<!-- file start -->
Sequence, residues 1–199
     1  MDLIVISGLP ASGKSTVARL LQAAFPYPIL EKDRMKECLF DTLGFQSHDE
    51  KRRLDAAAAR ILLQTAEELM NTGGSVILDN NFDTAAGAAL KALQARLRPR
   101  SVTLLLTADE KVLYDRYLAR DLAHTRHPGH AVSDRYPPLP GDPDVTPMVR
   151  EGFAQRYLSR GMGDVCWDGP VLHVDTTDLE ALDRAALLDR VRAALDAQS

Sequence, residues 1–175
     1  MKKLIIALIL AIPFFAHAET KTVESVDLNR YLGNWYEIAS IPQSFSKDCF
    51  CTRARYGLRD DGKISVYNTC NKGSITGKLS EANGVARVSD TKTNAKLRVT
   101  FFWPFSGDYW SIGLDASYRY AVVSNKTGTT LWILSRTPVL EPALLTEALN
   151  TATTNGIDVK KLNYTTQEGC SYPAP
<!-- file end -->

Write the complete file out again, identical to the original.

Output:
Sequence, residues 1–199
     1  MDLIVISGLP ASGKSTVARL LQAAFPYPIL EKDRMKECLF DTLGFQSHDE
    51  KRRLDAAAAR ILLQTAEELM NTGGSVILDN NFDTAAGAAL KALQARLRPR
   101  SVTLLLTADE KVLYDRYLAR DLAHTRHPGH AVSDRYPPLP GDPDVTPMVR
   151  EGFAQRYLSR GMGDVCWDGP VLHVDTTDLE ALDRAALLDR VRAALDAQS

Sequence, residues 1–175
     1  MKKLIIALIL AIPFFAHAET KTVESVDLNR YLGNWYEIAS IPQSFSKDCF
    51  CTRARYGLRD DGKISVYNTC NKGSITGKLS EANGVARVSD TKTNAKLRVT
   101  FFWPFSGDYW SIGLDASYRY AVVSNKTGTT LWILSRTPVL EPALLTEALN
   151  TATTNGIDVK KLNYTTQEGC SYPAP